What would happen if you didn’t sleep? – Claudia Aguirre

What would happen if you didn’t sleep? – Claudia Aguirre


In 1965, 17-year-old high school student,
Randy Gardner stayed awake for 264 hours. That’s 11 days to see how
he’d cope without sleep. On the second day,
his eyes stopped focusing. Next, he lost the ability
to identify objects by touch. By day three, Gardner was moody
and uncoordinated. At the end of the experiment,
he was struggling to concentrate, had trouble with short-term memory, became paranoid, and started hallucinating. Although Gardner recovered without
long-term psychological or physical damage, for others, losing shuteye can result
in hormonal imbalance, illness, and, in extreme cases, death. We’re only beginning to understand
why we sleep to begin with, but we do know it’s essential. Adults need seven to eight hours
of sleep a night, and adolescents need about ten. We grow sleepy due to signals
from our body telling our brain we are tired, and signals from the environment
telling us it’s dark outside. The rise in sleep-inducing chemicals, like adenosine and melatonin, send us into a light doze
that grows deeper, making our breathing
and heart rate slow down and our muscles relax. This non-REM sleep is when DNA is repaired and our bodies replenish themselves
for the day ahead. In the United States, it’s estimated that 30% of adults
and 66% of adolescents are regularly sleep-deprived. This isn’t just a minor inconvenience. Staying awake can cause
serious bodily harm. When we lose sleep, learning, memory, mood, and reaction time are affected. Sleeplessness may also cause inflammation, halluciations, high blood pressure, and it’s even been linked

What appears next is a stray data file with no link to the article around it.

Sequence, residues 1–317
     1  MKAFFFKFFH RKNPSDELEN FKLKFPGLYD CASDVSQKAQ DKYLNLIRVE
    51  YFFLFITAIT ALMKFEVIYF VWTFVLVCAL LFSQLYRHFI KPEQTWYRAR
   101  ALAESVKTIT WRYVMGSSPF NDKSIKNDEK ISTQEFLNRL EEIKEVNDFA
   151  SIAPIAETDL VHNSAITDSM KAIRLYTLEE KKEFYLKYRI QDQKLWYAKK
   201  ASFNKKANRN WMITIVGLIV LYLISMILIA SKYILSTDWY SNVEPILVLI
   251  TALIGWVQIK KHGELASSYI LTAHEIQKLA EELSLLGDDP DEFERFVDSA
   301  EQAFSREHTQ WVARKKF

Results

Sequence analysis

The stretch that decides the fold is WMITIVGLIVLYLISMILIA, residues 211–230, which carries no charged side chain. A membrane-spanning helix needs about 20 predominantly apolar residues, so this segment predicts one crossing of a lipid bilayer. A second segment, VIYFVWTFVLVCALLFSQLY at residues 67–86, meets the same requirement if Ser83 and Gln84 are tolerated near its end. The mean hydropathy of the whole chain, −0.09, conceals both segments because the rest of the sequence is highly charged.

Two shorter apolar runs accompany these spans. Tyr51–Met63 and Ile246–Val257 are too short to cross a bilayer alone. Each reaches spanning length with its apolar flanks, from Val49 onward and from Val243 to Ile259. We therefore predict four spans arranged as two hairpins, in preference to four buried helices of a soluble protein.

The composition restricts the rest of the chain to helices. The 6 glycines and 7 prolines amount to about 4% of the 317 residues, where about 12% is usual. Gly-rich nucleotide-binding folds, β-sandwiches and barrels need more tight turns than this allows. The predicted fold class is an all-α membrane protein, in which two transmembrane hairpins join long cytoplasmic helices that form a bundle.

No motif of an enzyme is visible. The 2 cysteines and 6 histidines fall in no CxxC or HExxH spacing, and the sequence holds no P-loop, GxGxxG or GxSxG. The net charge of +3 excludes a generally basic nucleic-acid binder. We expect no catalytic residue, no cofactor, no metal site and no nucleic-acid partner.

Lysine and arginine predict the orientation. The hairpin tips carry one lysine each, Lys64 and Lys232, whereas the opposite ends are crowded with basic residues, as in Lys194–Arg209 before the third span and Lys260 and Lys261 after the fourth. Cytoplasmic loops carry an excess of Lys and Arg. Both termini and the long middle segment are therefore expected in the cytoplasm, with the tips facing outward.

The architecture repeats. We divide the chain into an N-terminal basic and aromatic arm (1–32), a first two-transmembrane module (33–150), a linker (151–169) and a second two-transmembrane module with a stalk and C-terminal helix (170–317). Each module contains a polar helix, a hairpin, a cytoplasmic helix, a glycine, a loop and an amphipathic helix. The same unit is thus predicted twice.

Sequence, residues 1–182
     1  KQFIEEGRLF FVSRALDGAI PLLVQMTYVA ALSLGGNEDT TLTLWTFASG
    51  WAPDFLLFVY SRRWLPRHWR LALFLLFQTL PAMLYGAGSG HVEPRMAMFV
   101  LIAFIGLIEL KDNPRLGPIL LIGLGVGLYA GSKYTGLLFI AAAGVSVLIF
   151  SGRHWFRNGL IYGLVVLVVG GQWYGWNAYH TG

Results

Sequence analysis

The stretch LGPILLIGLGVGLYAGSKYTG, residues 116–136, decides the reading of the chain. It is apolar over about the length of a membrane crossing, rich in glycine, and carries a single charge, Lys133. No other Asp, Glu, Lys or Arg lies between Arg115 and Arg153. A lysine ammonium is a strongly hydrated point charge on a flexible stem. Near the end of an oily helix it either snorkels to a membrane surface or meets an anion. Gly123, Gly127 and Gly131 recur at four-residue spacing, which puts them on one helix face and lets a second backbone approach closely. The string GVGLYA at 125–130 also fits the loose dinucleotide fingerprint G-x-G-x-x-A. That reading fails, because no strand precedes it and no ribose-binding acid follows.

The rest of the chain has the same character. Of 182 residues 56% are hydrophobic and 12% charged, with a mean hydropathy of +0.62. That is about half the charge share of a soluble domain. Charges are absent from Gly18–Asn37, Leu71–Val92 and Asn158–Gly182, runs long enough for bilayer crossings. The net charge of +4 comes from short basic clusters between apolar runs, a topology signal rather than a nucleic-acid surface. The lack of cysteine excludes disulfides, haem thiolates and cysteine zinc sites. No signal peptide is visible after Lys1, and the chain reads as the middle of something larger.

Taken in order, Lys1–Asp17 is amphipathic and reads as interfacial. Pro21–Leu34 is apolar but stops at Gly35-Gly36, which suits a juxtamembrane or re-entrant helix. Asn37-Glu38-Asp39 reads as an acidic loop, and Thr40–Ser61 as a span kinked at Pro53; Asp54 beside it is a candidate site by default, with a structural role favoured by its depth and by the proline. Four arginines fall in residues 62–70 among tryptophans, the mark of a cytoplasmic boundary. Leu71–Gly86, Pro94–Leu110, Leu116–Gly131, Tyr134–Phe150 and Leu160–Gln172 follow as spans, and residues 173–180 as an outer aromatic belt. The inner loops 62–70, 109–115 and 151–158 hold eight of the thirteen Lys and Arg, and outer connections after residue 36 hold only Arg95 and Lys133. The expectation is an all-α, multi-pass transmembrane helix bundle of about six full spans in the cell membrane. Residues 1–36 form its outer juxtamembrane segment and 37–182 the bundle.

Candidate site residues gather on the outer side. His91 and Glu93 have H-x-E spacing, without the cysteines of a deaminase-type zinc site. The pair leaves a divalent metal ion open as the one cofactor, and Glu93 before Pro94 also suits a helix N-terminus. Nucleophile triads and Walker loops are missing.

to diabetes and obesity. In 2014, a devoted soccer fan died after staying awake for 48 hours
to watch the World Cup. While his untimely death
was due to a stroke, studies show that chronically sleeping
fewer than six hours a night increases stroke risk
by four and half times compared to those getting a consistent
seven to eight hours of shuteye. For a handful of people on the planet who
carry a rare inherited genetic mutation, sleeplessness is a daily reality. This condition,
known as Fatal Familial Insomnia, places the body in a nightmarish
state of wakefulness, forbidding it from entering
the sanctuary of sleep. Within months or years, this progressively worsening condition
leads to dementia and death. How can sleep deprivation
cause such immense suffering? Scientists think the answer lies
with the accumulation of waste prducts in the brain. During our waking hours, our cells are busy using up
our day’s energy sources, which get broken down
into various byproducts, including adenosine. As adenosine builds up, it increases the urge to sleep,
also known as sleep pressure. In fact, caffeine works by blocking
adenosine’s receptor pathways. Other waste products
also build up in the brain, and if they’re not cleared away,
they collectively overload the brain and are thought to lead to the many
negative symptoms of sleep deprivation. So, what’s happening in our brain
when we sleep to prevent this? Scientists found something called
the glymphatic system, a clean-up mechanism
that removes this buildup and is much more active when we’re asleep. It works by using cerebrospinal fluid
to flush away toxic byproducts that accumulate between cells. Lymphatic vessels,
which serve as pathways for immune cells, have recently been discovered
in the brain, and they may also play a role in clearing
out the brain’s daily waste products. While scientists continue exploring